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2015 Giovanni Rosso Barolo

ITEM 8211192 - Removed from a temperature controlled wine cellar; Purchased at restaurant closing

Bidder Quantity Amount Total
nefav 2 $30 $60
10 $30
Item Sold Amount Date
I8241974 2 $30 May 29, 2022
I8231421 6 $30 May 22, 2022
I8211192 2 $30 May 8, 2022
I8154224 2 $40 Mar 27, 2022
Front Item Photo


93The Wine Advocate a greater kick of soft cherry fruit and rich concentration... Those dark primary fruit aromas, the acidity and the tannic imprint are all beautifully measured to the enhanced intensity...

93James Suckling

Dried oranges, rose petals, citrus and fresh herbs. Medium to full body, grainy tannins and a spice-driven, flavorful finish.

92Wine Spectator

Fresh, offering cherry, strawberry, rose and white pepper aromas and flavors. Graceful, yet with ample grip on the long, dense and dusty finish. Captures the best of the vintage.

92Wine Enthusiast

Camphor, wild berry, blue flower and brown spice aromas lead the way...palate shows cranberry, pomegranate, baking spice and a hint of chopped mint alongside fine-grained tannins and fresh acidity.

91Jeb Dunnuck

...concentrated with dried black cherry, tar, and leather. The palate has a fairly approachable structure...with plum, turned earth, and dried violets.


Giovanni Rosso

Giovanni Rosso in Serralunga d’Alba is a Barolo producer with more than a century of history in the region. The Rosso family was farming vineyards in Serralunga d’Alba in the late 19th century and since 2001 Davide Rosso has been in charge of winemaking. Davide is the newest generation of the family to take over and he studied oenology in France before returning to run the family estate. The 25-acre estate produces about 55,000 bottles annually. Giovanni Rosso has 12 vineyard parcels including several legendary sites, such as the Vigna Rionda. Gambero Rosso, Italy’s leading wine journal, has awarded the estate’s Barolos its 3 glasses award several times, and notes that the estate’s “style has met with widespread approval from critics and wine lovers alike.”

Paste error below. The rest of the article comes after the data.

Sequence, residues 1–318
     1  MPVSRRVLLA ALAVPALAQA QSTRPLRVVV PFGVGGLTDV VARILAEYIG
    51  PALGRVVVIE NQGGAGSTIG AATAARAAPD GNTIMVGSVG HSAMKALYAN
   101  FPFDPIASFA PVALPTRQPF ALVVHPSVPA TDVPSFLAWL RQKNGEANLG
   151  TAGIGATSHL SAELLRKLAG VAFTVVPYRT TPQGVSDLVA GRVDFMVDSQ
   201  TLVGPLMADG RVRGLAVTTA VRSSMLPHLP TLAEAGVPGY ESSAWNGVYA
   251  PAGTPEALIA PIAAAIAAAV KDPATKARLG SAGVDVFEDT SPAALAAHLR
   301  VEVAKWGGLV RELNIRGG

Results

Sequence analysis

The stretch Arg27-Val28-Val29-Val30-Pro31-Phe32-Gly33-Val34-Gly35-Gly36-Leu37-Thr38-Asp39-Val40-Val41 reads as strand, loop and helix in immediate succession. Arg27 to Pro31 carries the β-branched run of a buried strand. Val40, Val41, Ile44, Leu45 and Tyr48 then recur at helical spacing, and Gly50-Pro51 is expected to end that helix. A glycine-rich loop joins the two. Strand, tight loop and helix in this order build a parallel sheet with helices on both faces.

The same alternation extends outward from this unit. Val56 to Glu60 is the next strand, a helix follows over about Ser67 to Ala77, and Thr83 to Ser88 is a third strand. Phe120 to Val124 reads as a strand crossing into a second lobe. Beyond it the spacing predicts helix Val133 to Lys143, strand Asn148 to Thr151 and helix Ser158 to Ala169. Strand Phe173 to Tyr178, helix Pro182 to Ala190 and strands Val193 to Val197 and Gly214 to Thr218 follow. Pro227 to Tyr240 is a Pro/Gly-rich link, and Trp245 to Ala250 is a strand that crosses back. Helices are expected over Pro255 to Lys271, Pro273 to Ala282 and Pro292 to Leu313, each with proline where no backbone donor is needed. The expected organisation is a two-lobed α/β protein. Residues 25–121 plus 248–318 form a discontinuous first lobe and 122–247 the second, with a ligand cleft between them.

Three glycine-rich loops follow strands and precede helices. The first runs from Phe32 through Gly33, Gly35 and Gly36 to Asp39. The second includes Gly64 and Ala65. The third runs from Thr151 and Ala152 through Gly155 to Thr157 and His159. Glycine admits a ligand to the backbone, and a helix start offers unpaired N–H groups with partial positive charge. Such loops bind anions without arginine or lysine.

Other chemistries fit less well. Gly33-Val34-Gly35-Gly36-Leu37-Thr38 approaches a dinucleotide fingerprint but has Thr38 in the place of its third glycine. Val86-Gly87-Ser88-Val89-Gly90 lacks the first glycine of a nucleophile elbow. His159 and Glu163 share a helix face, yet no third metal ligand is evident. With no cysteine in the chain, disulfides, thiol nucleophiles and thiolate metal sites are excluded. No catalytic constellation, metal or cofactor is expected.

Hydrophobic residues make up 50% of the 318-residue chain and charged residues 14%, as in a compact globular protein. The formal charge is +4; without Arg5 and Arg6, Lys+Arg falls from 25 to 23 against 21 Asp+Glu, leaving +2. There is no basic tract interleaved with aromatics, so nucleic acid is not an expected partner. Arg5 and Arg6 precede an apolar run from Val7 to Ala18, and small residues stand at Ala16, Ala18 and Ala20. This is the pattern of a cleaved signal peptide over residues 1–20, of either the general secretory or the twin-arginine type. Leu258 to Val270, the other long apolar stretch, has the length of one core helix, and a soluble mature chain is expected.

Italy, Piedmont, Barolo

Barolo is one of Italy’s greatest wine appellations. In fact many cognoscenti of Italian wines consider Barolo to be the apex of Italian winemaking. Barolo is sometimes referred to as “the king of wines, and the wine of kings” partly because until the mid-19th century Piedmont was owned by the noble House of Savoy, the historic rulers of northwestern Italy. And the Savoys had a taste for Nebbiolo. Nestled into the rolling hills of Langhe, the Barolo DOCG includes 11 communes, one of which is the town of Barolo. There are 4,200 vineyard acres in the appellation and since the late 19th century growers have tried to identify their best vineyards. By marketing some vineyards as better quality than others, Barolo producers have followed the Burgundian custom of making single vineyard, or “cru” vineyard bottlings. As in neighboring Barbaresco, the Barolo DOCG requires that wines be 100% Nebbiolo, a grape thought of as the Pinot Noir of Italy. Records show that Nebbiolo was grown in the Piedmont as early as the 14th century, and despite being somewhat finicky – it is late to ripen and easily damaged by adverse weather --- Nebbiolo makes highly aromatic and powerful red wines. Until the mid-19th century Nebbiolos of Piedmont were vinified as sweet wines, though that ended in the late 19th century when a French oenologist was invited to Piedmont to show producers how to make dry reds. Barolo was made a DOC in 1966 and upgraded to DOCG status in 1980. Barolos must be aged at least three years, at least two of those years in wood. Barolos are tannic and robust and generally need at least five years to soften into complex, earthy wines.


Red Wine, Nebbiolo, D.O.C.G.

This red grape is most often associated with Piedmont, where it becomes DOCG Barolo and Barbaresco, among others. Its name comes from Italian for “fog,” which descends over the region at harvest. The fruit also gains a foggy white veil when mature.